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Catechism of the Catholic Church, 2494

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Wirral shrine church wins national award for Second World War audio tour for children

 

A Catholic church in the Wirral has won a national competition for an audio tour which brings the Second World War to life for local children.

The “WWII Audio Tour” of the shrine Church of Ss Peter, Paul and St Philomena in New Brighton was announced as the winner of the Marsh Innovative Church Project Award at a ceremony at St Paul’s Cathedral in London on Tuesday.

The church received a prize of £1,000.

A free WWII audio tour for primary schools and the local community tells the story of how this church helped people during the Blitz and how it earned the nickname of “the Dome of Home”.

The tour was made possible after major repairs and redevelopment to create a welcoming church including an accessible toilet, kitchenette, shop, and social space.

The judges commented: “This project is strong on community engagement, imagination, and innovation.

“We particularly liked the successful engagement with schools, raising awareness about local history and heritage and bringing generations together and the past to life.”

The Marsh Innovative Church Project Award is a competition to find Christian congregations running the best community activities in a church, made possible through installation of new facilities or through improved access.

Five projects were shortlisted.

 

 

The awards show the positive impact that installing new facilities has on churches and local communities, and on harnessing the energy and enthusiasm of volunteers.

They are run jointly by the National Churches Trust, the UK’s church building support charity, and the Marsh Christian Trust.

Claire Walker, chief executive of the National Churches Trust, said: “I am delighted that the Dome of Home, a landmark on the Wirral, has won the Marsh Innovative Church Projects Award.

“The judges were so impressed with the way it engages with schools and raises awareness about local history, bringing generations together.”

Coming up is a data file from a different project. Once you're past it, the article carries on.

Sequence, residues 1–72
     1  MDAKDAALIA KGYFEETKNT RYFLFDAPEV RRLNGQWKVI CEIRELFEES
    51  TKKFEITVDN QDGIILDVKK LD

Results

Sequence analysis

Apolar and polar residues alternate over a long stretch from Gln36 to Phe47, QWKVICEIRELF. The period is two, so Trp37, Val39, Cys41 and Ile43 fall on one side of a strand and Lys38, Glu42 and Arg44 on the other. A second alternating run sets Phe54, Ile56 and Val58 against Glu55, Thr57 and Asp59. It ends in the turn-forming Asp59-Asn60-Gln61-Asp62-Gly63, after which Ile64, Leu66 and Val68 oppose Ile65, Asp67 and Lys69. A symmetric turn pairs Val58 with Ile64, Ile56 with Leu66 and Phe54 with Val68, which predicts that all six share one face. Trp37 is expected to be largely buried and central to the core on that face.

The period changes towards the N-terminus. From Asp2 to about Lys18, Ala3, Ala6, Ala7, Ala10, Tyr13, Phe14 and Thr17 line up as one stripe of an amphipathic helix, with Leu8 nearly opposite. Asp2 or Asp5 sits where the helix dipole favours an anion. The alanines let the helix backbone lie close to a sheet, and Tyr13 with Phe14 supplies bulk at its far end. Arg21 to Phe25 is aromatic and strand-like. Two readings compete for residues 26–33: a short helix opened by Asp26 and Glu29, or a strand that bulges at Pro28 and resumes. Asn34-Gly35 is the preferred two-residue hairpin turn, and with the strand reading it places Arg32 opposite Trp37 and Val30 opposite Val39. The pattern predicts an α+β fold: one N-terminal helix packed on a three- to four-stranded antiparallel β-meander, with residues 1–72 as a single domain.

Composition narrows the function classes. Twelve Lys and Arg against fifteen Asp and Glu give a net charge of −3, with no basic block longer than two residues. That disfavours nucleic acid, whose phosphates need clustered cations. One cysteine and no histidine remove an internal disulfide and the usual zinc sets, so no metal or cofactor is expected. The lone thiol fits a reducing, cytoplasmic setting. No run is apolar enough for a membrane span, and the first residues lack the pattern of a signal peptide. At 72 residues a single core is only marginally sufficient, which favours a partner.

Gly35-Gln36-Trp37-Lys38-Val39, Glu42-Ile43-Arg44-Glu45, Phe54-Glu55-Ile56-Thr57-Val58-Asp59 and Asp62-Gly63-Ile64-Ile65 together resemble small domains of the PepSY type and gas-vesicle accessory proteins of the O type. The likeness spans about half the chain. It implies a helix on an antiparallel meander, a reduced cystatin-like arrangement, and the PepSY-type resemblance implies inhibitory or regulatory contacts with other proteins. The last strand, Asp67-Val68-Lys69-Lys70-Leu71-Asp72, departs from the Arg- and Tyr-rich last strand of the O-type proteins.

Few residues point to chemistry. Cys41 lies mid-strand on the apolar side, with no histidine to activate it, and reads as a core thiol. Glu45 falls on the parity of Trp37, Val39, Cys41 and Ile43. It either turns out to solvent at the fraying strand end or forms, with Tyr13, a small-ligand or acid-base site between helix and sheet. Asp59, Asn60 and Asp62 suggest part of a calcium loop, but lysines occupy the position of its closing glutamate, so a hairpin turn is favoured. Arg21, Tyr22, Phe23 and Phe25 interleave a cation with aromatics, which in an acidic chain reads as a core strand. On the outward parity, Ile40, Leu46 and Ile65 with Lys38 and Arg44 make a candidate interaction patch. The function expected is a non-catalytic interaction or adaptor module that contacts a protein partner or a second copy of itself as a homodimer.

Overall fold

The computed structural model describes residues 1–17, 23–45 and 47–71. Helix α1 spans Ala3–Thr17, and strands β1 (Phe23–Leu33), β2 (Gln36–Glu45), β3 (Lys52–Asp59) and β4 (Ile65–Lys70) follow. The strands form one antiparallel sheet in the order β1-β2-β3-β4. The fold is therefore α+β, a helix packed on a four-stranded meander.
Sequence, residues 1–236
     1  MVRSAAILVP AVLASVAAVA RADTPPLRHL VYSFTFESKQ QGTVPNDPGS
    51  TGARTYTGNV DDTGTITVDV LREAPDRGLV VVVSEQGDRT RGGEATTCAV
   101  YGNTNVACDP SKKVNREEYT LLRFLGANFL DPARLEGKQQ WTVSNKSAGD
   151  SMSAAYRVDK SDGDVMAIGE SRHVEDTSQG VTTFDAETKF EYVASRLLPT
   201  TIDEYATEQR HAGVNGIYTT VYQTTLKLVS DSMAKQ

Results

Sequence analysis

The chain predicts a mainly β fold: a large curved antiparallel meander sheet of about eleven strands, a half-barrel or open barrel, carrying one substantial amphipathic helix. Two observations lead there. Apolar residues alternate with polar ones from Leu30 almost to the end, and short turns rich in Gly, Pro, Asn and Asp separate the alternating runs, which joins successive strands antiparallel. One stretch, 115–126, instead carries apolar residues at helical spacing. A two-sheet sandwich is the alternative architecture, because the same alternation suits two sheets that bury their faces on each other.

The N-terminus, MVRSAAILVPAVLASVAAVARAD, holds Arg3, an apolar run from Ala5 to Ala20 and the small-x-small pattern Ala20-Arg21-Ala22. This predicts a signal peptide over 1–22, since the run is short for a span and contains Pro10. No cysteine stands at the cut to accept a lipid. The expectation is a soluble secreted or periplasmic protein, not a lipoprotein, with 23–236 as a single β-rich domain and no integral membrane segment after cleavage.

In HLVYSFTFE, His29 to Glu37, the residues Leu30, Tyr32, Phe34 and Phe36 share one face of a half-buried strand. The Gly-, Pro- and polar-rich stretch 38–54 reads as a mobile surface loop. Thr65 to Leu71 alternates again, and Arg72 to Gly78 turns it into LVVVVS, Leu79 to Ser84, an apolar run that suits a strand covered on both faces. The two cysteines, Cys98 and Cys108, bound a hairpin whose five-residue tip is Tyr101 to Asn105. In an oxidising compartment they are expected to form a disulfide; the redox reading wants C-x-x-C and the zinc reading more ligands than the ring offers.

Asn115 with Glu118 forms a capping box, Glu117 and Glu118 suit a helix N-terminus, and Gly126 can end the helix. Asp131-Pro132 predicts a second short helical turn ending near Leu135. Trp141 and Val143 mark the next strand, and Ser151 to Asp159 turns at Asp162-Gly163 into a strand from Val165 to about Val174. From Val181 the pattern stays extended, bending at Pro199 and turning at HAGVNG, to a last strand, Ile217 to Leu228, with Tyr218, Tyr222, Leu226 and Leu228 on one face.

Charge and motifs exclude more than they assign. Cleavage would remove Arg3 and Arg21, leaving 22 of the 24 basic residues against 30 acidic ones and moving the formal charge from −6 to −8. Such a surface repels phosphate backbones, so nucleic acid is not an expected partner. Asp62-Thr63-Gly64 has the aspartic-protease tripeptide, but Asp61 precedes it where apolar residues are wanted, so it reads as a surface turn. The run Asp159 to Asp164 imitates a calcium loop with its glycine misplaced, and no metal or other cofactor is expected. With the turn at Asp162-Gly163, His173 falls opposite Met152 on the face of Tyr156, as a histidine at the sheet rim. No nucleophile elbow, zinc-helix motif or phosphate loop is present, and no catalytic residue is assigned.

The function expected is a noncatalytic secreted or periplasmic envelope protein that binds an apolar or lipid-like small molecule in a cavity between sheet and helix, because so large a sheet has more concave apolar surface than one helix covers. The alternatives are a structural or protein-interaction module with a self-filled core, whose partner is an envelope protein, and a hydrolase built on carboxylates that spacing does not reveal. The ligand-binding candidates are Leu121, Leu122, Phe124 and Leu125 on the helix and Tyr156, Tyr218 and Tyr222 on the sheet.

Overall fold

The Church of Ss Peter and Paul and St Philomena was closed in 2008, but was reopened by Bishop Mark Davies of Shrewsbury in 2012 as a shrine under the custody of the Institute of Christ the King, a society of apostolic life of pontifical right, with the specific mission of fostering Eucharistic Adoration.

Three major repair projects have restored it since that time, accompanied by an accessible toilet, kitchenette, shop, and partitioned area for refreshments.

These changes have enabled the church to welcome primary school groups for the WWII Audio Tour.

Dramatisations of experiences of the Blitz from the local community are accompanied by traditional music and images, and children can dress up to travel back in time.

The tour is accessed on smartphones or tablets from codes around the church. This engages a younger audience with the heritage of the church, and with their local area.

Nearly 200 pupils have experienced the tour so far – welcomed into the landmark church at the heart of their community.

The church is closer to attaining a sustainable future, with enthusiastic volunteers and a steady stream of visitors.

The judges for the Marsh Innovative Church Project Awards were: Luke March, chairman of the National Churches Trust; Emily Reeves and Annie McCarthy from the Marsh Christian Trust, and Sam Jones, managing director of community music organisation Soundthread.

The runner-up for the Marsh Innovative Church Project Award is Olly’s Friendship Room, at St Michael and All Angels Church, Upper Sapey, Herefordshire.

Olly’s Friendship Room is a large light welcoming space in the back of the church, heated separately, where the whole community can meet in friendship, supporting each other. It is named after Olly Roberts, a young man who grew up attending this church but died in 2012 aged 32, suffering extreme anxiety (Akathisia) due to an adverse reaction to a prescribed medication.

A successful photographer, film maker and composer, he left money and equipment hoping to enable those suffering from anxiety to receive help.

Brian Marsh, chairman of the Marsh Christian Trust, said: “We set up this Award with the National Churches Trust to recognise the excellent work being done by church volunteers in transforming their places of worship and to help expand their work in addressing local need within their communities.

“We hope that the Award will help highlight the outstanding efforts of these volunteers in reaching out and supporting those in need.”

 

(Photographs show the Shrine Church of Ss Peter and Paul and St Philomena and Archbishop George Stack of Cardiff with Anne Archer, Canon Amaury Montjean and Jane Scott from the church)